I admit I was so wrapped up in getting John Pierre's roasts done and helping get him a good base for what will be a crazy experience, I only had a few moments to watch the zombie Jesus parade as it was on the way to Harvard Sq. I didn't really know what it was but wasn't the least bit fazed as is often the case when you live in a place like Cambridge for very long.
Highlights of the day were taking JP for lunch at what was his first try at Mexican food and then getting his reaction as we dropped into a couple of cafes. Much of the day was spent trying to get a firm idea on Rwandan cuisine, comparing roast styles, pulling shots, and the likes. On a personal level, it is great to work with people who want to learn and willing to absorb anything you can throw at them. So much of my time gets spent dealing with drama and non coffee stuff that it's refreshing to just work on the coffee.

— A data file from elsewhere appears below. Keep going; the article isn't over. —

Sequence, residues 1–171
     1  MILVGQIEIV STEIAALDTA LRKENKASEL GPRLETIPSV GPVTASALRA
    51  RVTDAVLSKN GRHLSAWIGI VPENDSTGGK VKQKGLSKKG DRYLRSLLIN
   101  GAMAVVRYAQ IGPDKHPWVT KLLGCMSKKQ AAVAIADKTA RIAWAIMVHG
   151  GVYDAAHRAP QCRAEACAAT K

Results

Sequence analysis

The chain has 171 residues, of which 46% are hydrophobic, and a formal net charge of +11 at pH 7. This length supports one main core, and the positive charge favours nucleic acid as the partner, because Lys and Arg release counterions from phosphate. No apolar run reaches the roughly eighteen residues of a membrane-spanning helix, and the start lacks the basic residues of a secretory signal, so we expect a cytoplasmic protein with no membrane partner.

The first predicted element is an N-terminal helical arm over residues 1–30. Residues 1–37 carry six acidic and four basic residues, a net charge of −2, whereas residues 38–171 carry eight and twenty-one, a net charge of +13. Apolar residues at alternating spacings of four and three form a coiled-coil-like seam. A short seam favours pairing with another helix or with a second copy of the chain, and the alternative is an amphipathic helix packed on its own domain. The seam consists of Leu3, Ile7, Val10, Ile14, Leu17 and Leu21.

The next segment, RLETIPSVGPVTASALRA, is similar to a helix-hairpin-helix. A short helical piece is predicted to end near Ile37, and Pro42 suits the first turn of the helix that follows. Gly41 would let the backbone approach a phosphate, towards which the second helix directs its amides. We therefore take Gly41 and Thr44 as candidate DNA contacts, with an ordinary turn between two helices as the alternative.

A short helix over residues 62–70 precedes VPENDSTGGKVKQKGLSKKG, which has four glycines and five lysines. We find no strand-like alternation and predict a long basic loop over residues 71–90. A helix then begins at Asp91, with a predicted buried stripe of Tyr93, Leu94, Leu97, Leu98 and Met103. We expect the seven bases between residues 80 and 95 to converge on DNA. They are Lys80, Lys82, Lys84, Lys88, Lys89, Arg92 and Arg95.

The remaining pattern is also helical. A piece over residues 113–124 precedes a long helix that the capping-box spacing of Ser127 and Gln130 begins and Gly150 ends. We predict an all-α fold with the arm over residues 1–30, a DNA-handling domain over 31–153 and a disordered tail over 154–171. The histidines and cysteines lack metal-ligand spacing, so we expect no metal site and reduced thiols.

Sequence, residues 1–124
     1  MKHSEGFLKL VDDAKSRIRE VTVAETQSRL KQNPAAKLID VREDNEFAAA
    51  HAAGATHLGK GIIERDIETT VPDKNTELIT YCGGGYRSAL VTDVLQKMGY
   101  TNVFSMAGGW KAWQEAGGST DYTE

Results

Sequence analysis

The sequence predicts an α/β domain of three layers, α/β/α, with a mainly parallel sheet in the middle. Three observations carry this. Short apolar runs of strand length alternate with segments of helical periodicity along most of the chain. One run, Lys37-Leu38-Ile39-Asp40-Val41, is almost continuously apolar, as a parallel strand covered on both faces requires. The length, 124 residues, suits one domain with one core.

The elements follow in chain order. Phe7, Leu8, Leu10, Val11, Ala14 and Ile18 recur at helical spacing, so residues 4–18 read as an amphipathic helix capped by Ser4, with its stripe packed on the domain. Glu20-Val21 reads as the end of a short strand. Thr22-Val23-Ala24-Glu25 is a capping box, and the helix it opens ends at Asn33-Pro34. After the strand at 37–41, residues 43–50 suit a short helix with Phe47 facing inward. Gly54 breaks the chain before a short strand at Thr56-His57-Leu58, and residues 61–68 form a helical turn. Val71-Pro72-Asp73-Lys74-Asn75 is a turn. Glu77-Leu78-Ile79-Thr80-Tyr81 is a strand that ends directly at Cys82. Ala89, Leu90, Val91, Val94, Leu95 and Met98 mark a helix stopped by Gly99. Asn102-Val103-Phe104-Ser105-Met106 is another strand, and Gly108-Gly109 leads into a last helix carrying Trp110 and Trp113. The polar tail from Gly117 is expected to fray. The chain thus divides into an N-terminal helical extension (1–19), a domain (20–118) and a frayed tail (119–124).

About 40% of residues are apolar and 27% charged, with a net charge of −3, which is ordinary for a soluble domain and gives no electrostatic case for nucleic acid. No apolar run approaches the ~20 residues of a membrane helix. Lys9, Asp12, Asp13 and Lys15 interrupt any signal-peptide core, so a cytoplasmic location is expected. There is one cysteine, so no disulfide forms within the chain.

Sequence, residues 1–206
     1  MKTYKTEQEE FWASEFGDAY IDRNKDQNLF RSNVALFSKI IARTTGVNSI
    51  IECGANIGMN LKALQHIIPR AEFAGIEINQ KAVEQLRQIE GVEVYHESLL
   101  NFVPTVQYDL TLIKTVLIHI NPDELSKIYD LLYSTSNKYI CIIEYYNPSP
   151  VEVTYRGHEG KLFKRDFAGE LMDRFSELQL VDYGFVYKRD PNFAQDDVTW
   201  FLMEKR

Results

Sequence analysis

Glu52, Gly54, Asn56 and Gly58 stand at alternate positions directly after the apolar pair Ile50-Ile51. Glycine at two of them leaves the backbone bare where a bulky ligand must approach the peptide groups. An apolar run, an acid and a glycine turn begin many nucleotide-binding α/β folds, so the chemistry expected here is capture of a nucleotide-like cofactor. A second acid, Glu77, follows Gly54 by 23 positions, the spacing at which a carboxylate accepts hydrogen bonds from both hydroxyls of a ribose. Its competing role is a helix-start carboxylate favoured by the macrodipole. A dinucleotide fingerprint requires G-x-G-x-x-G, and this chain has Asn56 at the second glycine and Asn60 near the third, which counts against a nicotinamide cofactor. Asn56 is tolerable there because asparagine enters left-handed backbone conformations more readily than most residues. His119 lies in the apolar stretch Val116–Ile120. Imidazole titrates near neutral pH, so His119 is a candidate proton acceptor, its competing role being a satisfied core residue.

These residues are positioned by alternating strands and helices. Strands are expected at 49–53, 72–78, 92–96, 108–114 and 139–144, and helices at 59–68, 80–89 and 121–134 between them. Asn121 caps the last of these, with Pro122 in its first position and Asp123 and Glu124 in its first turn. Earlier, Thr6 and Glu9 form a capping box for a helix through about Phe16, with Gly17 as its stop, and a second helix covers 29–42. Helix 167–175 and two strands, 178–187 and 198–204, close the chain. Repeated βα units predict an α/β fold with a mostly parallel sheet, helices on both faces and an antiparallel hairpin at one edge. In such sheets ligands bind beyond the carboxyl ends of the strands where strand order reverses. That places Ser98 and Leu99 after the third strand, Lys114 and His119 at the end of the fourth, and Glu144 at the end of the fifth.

The big lesson was that this is something we do enjoy doing. While Ben K. might occasionally risk burning down Hi-Rise for forgetting to turn off grills and be averse to mops, he is good at training for competitions. On the oddball notes, JP brought only a small amount of his competition coffee, Kivu with him so we had to arrange a little more coffee. Ben K. contacted his friend at Terroir and got a little of their current Rwanda for JP as a backup. I was not prepared for how difficult this coffee would be to roast. It was not anything in the behavior itself but the oddity was in coloration and the core of the roasted bean. It was hard not to burn and strangely difficult to roast. I have no real clue why but it was a bit like if Rod Serling wrote the script and we suddenly were having tipping and scorching when the roast should be too conservative as is. There is a lot of pressure when a last moment competition roast comes in for the World Barista Competition. We did get him a solid roast to work with and JP will have many other things to think about besides the coffee in the next few days.